Target Sites for Site-Directed Mutations. Site-directed mutagenesis was performed to eliminate the entire stem of the putative hairpin structure instead of introducing a single mismatch in the stem. This was done for two reasons. First, single nucleotide substitutions are often observed within the phylogenetically conserved pairing regions, causing a mismatch in the hairpin structure. Even though most of these polymorphisms are at low frequencies within populations, some of them nevertheless rise to intermediate frequencies, such as one haplotype found in a D. pseudoobscura population survey (15). Two substitutions within the Adh intron 1 region reduce the 9-bp stem to 5 bp, yet it is found in 6.43% of all strains and 20% in the Sonoma, CA, population (10, 15). Second, by applying a two-locus model of reversible mutations with compensatory fitness interactions to divergence data from the bcd 3′ UTR secondary structure of the D. melanogaster/Drosophila simulans and D. melanogaster/D. pseudoobscura species pairs, Innan and Stephan (16) estimated that the average selection intensity (Nes) against single deleterious mutations in RNA secondary structures is unlikely to be much >1. This finding suggests that the deleterious effect of a single mismatch is relatively small, and the results of mutational analysis of single nucleotide substitutions in the hairpin structure may not be observable in the laboratory.

For clarity, the conserved pairing regions 899–904 and 911– 916 of the intron are referred to as L (the left side of the hairpin structure) and R (the right side), respectively. All coordinates are from ref. 17. The Mut L/L mutant construct contains nucleotide substitutions A911C, G913C, G914C, and G916T; Mut R/R contains nucleotide substitutions C899A, C901G, C902G, and T904G; and the double mutant construct Mut R/L contains all eight substitutions in Mut L/L and Mut R/R (Fig. 1A).

Fig. 1.
Mutational analysis of the putative hairpin structure in D. melanogaster Adh intron 1. (A) Mutant constructs used in the experiments. The conserved nucleotide positions 899–904 (L) are shown in capital letters and 911–916 (R) in lowercase ...

Further experiments strengthening the hairpin structure were carried out to investigate the effect of stability on splicing efficiency. The secondary structure of the WT D. melanogaster Adh intron 1 with the putative 6-bp hairpin structure, as shown in Fig. 1B, has a folding free energy of –12.2 kcal/mol at 37°C, predicted by mfold 3.1 (18). Inserting additional pairings into the hairpin structure stabilizes the entire intron secondary structure. Mutant construct Mut9bp-1 was made by inserting three additional nucleotides (907GA and 911C, coordinates according to the WT sequence) in the loop of the hairpin structure (Fig. 2A). This strengthens the original 6-bp stem to 9 bp and significantly decreases the folding free energy to –19.1 kcal/mol. The branch point and the distance from the putative hairpin structure to the branch point are unaffected by these insertions. To eliminate any effect of the loop size difference between the WT and Mut9bp-1, another mutant construct, Mut9bp-2, was made (Fig. 2 A). Mut9bp-2 has the same nucleotides in the loop as the WT and the same 9-bp stem and similar folding free energy (–20.8 kcal/mol) as Mut9bp-1. Mut9bp-2 has six nucleotides inserted (907GGC and 911CGC) compared with the WT.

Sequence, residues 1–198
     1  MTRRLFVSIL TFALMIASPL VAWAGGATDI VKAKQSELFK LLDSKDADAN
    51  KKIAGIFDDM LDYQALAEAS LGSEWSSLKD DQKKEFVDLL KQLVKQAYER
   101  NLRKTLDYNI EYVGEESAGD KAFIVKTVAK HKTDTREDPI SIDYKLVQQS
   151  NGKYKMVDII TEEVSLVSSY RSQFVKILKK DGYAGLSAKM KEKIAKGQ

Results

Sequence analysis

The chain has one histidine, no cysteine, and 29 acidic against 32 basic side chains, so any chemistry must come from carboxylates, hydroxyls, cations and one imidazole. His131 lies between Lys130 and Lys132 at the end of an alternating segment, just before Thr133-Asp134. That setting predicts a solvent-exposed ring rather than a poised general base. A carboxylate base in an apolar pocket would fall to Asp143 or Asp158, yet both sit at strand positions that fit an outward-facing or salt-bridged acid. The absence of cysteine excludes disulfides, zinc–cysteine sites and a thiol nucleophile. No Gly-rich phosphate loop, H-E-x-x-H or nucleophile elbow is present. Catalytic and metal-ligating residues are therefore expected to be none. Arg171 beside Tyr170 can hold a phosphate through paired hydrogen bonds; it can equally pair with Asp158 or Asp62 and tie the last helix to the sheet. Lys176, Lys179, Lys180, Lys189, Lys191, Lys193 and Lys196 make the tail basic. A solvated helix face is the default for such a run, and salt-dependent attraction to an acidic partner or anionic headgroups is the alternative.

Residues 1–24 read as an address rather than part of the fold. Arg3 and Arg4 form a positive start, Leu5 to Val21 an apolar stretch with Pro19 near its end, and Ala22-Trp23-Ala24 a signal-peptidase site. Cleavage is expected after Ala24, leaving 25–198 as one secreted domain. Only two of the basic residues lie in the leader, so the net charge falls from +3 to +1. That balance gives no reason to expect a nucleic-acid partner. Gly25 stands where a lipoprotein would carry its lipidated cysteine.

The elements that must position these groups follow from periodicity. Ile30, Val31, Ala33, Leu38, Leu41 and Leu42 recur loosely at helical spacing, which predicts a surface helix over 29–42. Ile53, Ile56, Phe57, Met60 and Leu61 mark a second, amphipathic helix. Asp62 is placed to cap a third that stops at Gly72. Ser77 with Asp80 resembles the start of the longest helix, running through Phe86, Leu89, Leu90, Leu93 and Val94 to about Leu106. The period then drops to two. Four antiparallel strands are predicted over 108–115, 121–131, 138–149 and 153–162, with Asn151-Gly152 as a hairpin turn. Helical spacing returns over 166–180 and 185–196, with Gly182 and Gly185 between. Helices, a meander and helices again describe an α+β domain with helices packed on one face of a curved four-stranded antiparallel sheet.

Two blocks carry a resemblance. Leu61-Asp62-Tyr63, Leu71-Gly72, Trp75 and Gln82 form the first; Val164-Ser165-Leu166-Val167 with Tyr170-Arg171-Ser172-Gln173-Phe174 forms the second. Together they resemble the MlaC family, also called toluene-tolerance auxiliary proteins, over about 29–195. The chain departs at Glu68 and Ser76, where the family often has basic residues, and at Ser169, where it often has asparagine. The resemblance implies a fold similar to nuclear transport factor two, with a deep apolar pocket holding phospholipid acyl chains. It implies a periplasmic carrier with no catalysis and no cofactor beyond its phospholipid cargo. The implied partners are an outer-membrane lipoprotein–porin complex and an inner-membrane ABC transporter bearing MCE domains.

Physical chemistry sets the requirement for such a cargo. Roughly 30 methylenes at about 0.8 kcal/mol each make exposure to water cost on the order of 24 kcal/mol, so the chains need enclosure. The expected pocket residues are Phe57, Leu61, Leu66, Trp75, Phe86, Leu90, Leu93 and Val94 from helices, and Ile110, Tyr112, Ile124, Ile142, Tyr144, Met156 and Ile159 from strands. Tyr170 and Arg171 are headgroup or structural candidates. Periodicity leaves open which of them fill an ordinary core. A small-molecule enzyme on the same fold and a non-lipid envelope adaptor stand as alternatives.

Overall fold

Fig. 2.
Mutational analysis of the secondary structure stability. (A) Mutant constructs used in the experiments. The conserved pairing regions are in bold, and the additional pairings in the mutant constructs are shown in shadow. Below each structure is the folding ...

Construction of Transfection and Transformation Plasmids. All Adh constructs were derived from an 8.6-kb SacI/ClaI genomic Adh fragment of the D. melanogaster Wa-F allele (17). The pUC Wa-F plasmid (kindly provided by J. Parsch, University of Munich) contains the 8.6-kb fragment inserted into pUC18 and was used for site-directed mutagenesis. Mutant clones were sequenced to confirm the mutations and ensure that no other unintentional mutations occurred.

The pUC Wa-F plasmid was used directly in transfection experiments. The control plasmid used in transfection was derived from Adhfn24. This ADH-null allele contains an 11-bp deletion in the Adh exon 2, is transcribed, but has premature termination (19). The size difference of 11 nt in both the pre-mRNA and processed mRNA differentiates the control plasmid from those of the Wa-F-derived plasmids.

For each transformation construct, the appropriate 8.6-kb Adh fragment with the desired mutations was cloned into the YES transformation vector (20). The YES vector is a P element-based vector containing the yellow gene as a selective marker, and the suppressor of Hairywing binding regions as insulators against positional effects (21). The entire Adh coding region in the YES transformation plasmid was again sequenced to confirm the mutations.